Pride Mountain Vineyards home
March 7, 2012
Soil Diversity

With the 2011 harvest behind us and budbreak in 2012 still two months out, it is a restful time in the vineyards atop our Spring Mountain ranch. The quiet is deceptive, though, as this dormant period is the perfect time to evaluate the soil in a small vineyard block that will be replanted in 2012. The process begins with a soil “test pit” dug in multiple locations of the block. From there, soil from each test pit is examined visually and sent to a lab for analysis of its components. When we fully understand the makeup of the soil, we are able to select the ideal combination of rootstock and scion (the part of the vine that grows above the soil) for each soil type that is present in the block.


Extensive soil analysis of the entire Pride Mountain Vineyards property was done as our vineyards were planted, and this analysis identified six major soil groups that are woven together to make up the Pride estate. However, even this “big picture” analysis does not tell the whole story. Taking an in-depth look at the block to be replanted, a 3.25 acre block named “Callie’s,” we found one of our six main soil types, as well as veins of other soils that defy characterization.


The classic soil type that turned up in one of the test pits is the Goulding soil, which covers about 75% of the Pride estate (although it is otherwise very rare in the Mayacamas mountain range where we are located). The Goulding is a shallow soil comprised of rocky, gravelly loam formed by the breakdown of metavolcanic rocks. This soil is excellent for wine grape production due to its drainage and shallow depth which limits root growth. The Goulding section of our Callie’s block will be planted on 3309 rootstock, a moderately vigorous selection which does well on most of our estate.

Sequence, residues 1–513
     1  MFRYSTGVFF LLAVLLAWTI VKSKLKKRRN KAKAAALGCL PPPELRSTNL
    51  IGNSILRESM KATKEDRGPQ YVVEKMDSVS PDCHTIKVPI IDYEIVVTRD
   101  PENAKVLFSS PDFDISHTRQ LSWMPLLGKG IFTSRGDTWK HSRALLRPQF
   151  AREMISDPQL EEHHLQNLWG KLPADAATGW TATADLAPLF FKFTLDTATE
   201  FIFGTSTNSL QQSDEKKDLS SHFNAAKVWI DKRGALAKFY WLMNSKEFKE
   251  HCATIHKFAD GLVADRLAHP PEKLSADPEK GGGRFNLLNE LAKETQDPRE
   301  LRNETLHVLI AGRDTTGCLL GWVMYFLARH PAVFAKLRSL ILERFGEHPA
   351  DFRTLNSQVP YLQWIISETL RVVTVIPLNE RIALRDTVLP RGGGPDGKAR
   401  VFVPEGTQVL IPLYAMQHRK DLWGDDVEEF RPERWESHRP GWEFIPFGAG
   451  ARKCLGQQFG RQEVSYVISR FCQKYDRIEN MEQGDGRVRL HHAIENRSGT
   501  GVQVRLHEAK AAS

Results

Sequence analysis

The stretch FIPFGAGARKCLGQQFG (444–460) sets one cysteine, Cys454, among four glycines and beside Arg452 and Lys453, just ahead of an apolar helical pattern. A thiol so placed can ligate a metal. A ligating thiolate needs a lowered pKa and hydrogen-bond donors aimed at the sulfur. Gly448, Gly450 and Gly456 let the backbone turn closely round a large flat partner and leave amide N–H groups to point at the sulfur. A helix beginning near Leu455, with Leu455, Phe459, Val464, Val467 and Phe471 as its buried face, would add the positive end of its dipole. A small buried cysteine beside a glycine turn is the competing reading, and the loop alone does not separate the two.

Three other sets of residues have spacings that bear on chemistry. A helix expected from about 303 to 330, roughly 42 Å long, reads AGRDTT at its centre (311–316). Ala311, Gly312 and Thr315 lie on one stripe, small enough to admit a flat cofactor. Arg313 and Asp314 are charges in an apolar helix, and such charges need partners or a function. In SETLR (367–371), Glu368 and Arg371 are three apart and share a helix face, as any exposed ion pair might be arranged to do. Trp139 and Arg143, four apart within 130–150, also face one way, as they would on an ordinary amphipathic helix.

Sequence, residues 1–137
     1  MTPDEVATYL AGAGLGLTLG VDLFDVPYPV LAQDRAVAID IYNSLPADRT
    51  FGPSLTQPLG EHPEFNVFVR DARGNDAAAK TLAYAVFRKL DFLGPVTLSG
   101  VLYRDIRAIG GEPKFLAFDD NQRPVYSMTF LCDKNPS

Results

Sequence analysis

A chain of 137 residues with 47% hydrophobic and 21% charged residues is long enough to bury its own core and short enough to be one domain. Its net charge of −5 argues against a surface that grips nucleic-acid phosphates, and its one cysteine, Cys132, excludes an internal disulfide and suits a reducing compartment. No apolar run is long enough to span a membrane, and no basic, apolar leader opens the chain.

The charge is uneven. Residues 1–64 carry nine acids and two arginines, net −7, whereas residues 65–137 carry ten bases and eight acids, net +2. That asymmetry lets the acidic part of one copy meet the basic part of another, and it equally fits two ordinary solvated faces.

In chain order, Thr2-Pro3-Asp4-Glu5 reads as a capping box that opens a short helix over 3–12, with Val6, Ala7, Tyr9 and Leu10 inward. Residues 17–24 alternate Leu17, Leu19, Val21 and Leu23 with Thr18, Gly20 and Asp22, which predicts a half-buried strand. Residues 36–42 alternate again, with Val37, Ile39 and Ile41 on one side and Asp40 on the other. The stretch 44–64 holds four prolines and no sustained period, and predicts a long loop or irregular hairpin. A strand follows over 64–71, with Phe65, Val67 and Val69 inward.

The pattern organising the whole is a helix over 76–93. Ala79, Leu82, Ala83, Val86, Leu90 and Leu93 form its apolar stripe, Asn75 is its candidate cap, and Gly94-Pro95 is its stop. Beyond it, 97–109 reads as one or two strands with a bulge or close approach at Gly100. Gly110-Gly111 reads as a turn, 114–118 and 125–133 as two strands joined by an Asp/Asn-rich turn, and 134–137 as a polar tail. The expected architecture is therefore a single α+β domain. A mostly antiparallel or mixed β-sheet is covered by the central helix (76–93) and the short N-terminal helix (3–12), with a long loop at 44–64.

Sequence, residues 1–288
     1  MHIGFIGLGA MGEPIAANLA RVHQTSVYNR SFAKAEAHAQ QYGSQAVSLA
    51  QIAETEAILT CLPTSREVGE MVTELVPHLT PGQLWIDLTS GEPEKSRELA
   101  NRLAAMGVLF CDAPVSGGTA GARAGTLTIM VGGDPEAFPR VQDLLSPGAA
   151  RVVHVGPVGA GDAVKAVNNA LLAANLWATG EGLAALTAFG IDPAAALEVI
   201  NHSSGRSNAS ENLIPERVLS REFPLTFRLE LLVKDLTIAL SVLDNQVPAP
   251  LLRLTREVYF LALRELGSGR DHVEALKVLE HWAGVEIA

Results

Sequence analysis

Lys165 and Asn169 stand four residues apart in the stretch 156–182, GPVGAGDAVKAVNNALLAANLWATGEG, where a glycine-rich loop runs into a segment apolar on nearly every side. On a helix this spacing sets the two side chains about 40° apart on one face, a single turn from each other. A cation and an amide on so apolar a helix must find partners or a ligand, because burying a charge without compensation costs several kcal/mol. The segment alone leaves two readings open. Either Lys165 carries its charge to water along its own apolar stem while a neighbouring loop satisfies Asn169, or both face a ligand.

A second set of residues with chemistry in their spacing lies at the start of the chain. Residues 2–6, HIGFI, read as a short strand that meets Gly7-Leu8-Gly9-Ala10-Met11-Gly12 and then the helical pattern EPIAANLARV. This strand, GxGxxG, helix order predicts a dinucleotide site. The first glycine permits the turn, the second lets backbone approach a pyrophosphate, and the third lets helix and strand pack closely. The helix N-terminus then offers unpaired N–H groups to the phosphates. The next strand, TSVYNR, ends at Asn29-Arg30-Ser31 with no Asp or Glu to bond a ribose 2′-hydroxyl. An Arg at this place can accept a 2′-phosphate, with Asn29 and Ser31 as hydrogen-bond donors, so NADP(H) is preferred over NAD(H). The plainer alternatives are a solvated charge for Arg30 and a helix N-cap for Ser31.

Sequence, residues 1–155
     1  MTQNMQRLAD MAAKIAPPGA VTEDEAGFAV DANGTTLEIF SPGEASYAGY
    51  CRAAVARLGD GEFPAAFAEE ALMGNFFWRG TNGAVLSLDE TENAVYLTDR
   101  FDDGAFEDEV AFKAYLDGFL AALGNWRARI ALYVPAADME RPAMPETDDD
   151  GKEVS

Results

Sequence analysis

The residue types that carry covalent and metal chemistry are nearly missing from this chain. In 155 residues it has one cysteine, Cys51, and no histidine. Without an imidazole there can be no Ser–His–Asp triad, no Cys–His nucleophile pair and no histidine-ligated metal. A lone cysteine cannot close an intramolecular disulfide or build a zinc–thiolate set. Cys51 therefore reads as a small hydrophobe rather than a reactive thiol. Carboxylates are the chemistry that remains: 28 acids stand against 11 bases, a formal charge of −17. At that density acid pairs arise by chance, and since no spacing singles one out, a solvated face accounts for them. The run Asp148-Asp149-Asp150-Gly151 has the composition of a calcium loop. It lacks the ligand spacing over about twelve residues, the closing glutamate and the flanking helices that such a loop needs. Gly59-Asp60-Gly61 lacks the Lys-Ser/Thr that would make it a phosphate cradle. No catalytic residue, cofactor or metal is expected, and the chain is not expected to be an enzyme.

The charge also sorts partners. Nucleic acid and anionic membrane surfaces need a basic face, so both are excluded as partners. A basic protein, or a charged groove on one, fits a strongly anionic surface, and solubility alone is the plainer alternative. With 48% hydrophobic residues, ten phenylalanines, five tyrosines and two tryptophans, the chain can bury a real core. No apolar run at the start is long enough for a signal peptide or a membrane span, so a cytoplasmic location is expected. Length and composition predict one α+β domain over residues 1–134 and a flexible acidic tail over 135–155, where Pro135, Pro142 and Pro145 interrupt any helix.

In addition to the Goulding soil, we found a vein of rich, black earth running through the South-East corner of the block. This section will require a very low vigor rootstock, Riperia Gloire, which will greatly limit our vines’ access to the relatively abundant (by mountain standards) water and nutrients in this area. In the West portion of the block, we identified a red volcanic soil with higher clay content than the Goulding section. This area will be planted on 101-14 rootstock, which is a low vigor selection that is slightly less limiting to the vines than is Riperia. Each rootstock block will be on a separate irrigation system, allowing us to water each according to its own unique needs. This is a lot of fine-tuning for a block that will yield less than 600 cases of wine, but we wouldn’t have it any other way. This type of micromanagement of our vineyards is what allows us to obtain maximum quality from each unique parcel on our ranch, and creates the wines of intensity, finesse and depth that are synonymous with Pride.

Photo at top of page: Wind Whistle Replant

Below: Soil Pits, Goulding Soil, Red Clay Soil, Rich Black Soil

Soil pitGouldingRed ClayRich Black